In Oregon, so many car crash victims get serious injuries (or worse, death) because they were not using safety restraint systems.
Yes, it’s as simple as that.
So to encourage people to use them, the State of Oregon implements car seat and seat belt laws.
And to help you, we’re going to first go over the Oregon car seat laws — what the law says, the penalties, and car seat recommendations.
While we’re at it, we’ll also talk about the unattended children law.
Then, we’ll move on to the seat belt laws — what the law says, the penalties, and the importance of wearing a seat belt.
So buckle up and let’s go!
Car Seat Laws in Oregon
Here are the Oregon car seat laws:
- Infants below 2 years old are required to be in a rear-facing car seat.
- Children 2+ years old that weigh less than 40 pounds should be in a child safety seat, whether in a rear- or forward-facing car seat.
- Children 4 years old and weighing above 40 pounds should be in a child seat with a harness or booster seat.
- Children 8 years old and reaching the height of 4’9” can already use seat belts — but only if it fits properly.
Can children stay in the front?
While there’s no law stating that children can’t sit in the front, rear-facing car seats are not allowed to be in front.
So if your child is required to use a rear-facing car seat, they should be at the back.
That said, it’s much safer to seat your kids at the back regardless of what car seat or booster seat they’re using.
Car Seat Recommendations in Oregon
Yes, state law only requires a rear-facing car seat for children below 2 years old.
However, the State of Oregon listed some recommendations on when you should use other types of child safety seats:
- Rear-facing seat – use as long as possible, even if your kid is already 2 years old. You should replace it, however, once your kid reaches the height and weight limit of the manufacturer.
- Forward-facing seat – use from 2 years old up to when the child is 40 pounds or when they reach the height and weight limit of the car seat.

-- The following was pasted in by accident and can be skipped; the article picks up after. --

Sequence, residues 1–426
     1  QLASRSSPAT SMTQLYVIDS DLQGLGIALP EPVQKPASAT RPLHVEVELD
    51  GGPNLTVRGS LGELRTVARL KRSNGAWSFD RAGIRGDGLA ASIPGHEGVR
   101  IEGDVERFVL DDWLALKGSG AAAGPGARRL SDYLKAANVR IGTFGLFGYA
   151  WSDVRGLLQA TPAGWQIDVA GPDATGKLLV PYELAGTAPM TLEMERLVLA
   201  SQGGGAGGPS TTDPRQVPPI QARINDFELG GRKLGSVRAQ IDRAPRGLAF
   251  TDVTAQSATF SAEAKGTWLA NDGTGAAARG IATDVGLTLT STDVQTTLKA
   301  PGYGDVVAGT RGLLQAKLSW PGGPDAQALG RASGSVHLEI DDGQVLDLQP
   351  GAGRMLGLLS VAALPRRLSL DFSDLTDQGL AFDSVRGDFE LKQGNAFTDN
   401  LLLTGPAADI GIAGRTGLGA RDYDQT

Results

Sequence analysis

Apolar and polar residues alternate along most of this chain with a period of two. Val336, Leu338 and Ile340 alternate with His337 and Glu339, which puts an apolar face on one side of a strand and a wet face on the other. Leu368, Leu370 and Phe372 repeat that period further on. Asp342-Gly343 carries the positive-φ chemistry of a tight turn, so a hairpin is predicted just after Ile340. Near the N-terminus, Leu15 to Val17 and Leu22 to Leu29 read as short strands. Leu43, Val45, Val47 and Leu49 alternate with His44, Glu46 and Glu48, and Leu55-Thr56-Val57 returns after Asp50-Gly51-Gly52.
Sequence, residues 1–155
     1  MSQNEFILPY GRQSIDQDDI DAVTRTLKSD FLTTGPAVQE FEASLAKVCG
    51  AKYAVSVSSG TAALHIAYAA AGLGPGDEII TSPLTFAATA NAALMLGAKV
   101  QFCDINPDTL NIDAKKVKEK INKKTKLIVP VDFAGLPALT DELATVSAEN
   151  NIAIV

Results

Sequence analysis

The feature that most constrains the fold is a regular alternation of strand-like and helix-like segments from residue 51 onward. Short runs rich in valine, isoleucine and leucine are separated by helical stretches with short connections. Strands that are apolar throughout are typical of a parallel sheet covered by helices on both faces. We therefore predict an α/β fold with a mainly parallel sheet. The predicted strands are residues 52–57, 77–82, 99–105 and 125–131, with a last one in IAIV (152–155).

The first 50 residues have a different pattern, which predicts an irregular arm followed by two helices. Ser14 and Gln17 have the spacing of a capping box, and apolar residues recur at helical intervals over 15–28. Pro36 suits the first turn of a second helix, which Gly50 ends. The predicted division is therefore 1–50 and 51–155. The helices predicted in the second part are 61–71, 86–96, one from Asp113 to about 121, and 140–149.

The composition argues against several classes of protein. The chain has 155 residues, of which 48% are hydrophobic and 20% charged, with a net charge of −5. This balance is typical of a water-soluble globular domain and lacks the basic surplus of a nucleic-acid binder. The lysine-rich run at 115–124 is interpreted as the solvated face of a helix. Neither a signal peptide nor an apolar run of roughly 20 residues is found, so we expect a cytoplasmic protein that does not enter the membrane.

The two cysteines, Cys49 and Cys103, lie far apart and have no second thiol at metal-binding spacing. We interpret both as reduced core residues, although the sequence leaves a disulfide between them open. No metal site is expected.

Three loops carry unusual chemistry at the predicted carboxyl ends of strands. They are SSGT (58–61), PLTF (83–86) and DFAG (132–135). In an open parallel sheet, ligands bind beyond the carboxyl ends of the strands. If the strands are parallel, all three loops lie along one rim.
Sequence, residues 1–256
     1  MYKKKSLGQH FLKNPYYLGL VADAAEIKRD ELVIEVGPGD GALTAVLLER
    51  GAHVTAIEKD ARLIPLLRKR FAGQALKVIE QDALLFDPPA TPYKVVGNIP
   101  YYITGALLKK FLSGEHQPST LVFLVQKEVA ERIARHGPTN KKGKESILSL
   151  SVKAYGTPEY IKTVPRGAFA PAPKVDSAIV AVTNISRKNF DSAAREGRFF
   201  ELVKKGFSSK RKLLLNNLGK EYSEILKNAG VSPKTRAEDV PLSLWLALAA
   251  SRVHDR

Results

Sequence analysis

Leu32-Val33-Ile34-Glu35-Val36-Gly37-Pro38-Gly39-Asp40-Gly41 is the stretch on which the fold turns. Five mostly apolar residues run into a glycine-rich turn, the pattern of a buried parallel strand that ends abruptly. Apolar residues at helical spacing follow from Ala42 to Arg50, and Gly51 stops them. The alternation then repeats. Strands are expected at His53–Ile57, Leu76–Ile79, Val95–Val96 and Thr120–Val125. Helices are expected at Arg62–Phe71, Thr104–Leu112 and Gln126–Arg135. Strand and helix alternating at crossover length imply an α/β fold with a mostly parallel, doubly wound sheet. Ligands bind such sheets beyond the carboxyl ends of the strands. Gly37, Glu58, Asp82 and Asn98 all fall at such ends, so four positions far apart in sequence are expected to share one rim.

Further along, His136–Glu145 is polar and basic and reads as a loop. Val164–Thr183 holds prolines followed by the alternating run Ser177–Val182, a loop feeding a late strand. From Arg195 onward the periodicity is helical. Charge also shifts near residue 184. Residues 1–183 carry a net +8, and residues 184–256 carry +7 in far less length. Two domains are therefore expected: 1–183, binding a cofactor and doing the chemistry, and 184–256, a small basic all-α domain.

- Booster seat – use from 4-8 years old or until the adult seat belt fits the child properly.
- Seat belt – use for 8-year-olds and above IF the seat belt fits them properly.
Car Seat Penalties in Oregon
It is the driver’s responsibility to place children in the proper car seats or booster seats.
If you violate this law, you’ll be given a traffic ticket and fined $115.
It’s important to note that this is primary enforcement.
That means that a traffic enforcement officer can stop you if they see children unrestrained in the vehicle.
Unattended Children Law in Oregon
Car seats are not the only way to keep your child safe.
Did you know that children are likely to get heat stroke if left in a vehicle?
This is why the State of Oregon passed the unattended children law.
This states that no child below 10 years old should be left unattended inside a vehicle — or ANY place for that matter.
If you break this law, you will be charged with child neglect. This will be a second-degree, Class A misdemeanor.
Oregon Seat Belt Law
Now, let’s move on to the adults.
In Oregon, EVERYONE is required to wear a seat belt.
Yes, this applies if you are seated in the front or back.
No questions asked.
Seat Belt Penalties in Oregon
Just like the car seat laws, the seat belt law is primary enforcement.
So you better buckle up.
If you don’t, then you’ll be fined an average of $115. This can go as high as $250 or as low as $65, depending on the situation.
The Importance of Safety Belts
We’ve talked about how important safety belts are at the start, but let’s shine a spotlight on that.
Why are safety belts and car seats SO important?
Here are some reasons:
- These restraints keep you inside the vehicle. In a big crash, the impact might toss you around or through you outside. But with a safety belt, you are secured in your seat.
- These restraints give you protection when a driver suddenly stops or swerves. Safety belts don’t need a collision to provide protection!
- These restraints reduce injuries even when you’re inside the vehicle. A seat belt helps you stay close to your seat and not hit the sides or the dashboard.
- These restraints work with airbags. Don’t think that an airbag is good enough to protect you. If you’re not wearing a seat belt, airbags won’t be as effective.
- These restraints distribute impact force. The shoulder and lap belt will distribute the impact to the stronger parts of your body, making it less likely to get an injury in a more sensitive area, like your head or chest.
And those were the Oregon car seat laws, as well as the seat belt laws.
Don’t think that this is a small matter.
There have been so many lives lost simply because they refused to use a safety restraint.
On the flip side, so many lives have been spared thanks to these safety restraints.
So as a responsible parent and driver, always keep your children in the proper car seat.
As for you, always buckle up — even if you’re just doing a 5-minute drive to the store.